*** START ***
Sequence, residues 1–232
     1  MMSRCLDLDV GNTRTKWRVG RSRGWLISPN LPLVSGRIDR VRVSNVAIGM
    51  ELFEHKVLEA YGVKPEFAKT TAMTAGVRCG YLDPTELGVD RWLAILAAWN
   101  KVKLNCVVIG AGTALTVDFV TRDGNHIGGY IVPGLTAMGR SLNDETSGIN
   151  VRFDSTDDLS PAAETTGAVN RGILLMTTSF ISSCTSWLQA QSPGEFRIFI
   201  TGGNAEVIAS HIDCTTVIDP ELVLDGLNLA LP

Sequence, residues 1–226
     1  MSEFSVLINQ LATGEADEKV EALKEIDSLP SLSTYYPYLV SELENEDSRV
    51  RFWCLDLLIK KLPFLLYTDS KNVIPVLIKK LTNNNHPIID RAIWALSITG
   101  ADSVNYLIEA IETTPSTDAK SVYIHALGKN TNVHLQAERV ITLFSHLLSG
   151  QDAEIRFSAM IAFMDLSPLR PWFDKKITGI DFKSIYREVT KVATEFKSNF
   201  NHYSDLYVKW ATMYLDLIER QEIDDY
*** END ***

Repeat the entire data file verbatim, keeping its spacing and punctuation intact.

Sequence, residues 1–232
     1  MMSRCLDLDV GNTRTKWRVG RSRGWLISPN LPLVSGRIDR VRVSNVAIGM
    51  ELFEHKVLEA YGVKPEFAKT TAMTAGVRCG YLDPTELGVD RWLAILAAWN
   101  KVKLNCVVIG AGTALTVDFV TRDGNHIGGY IVPGLTAMGR SLNDETSGIN
   151  VRFDSTDDLS PAAETTGAVN RGILLMTTSF ISSCTSWLQA QSPGEFRIFI
   201  TGGNAEVIAS HIDCTTVIDP ELVLDGLNLA LP

Sequence, residues 1–226
     1  MSEFSVLINQ LATGEADEKV EALKEIDSLP SLSTYYPYLV SELENEDSRV
    51  RFWCLDLLIK KLPFLLYTDS KNVIPVLIKK LTNNNHPIID RAIWALSITG
   101  ADSVNYLIEA IETTPSTDAK SVYIHALGKN TNVHLQAERV ITLFSHLLSG
   151  QDAEIRFSAM IAFMDLSPLR PWFDKKITGI DFKSIYREVT KVATEFKSNF
   201  NHYSDLYVKW ATMYLDLIER QEIDDY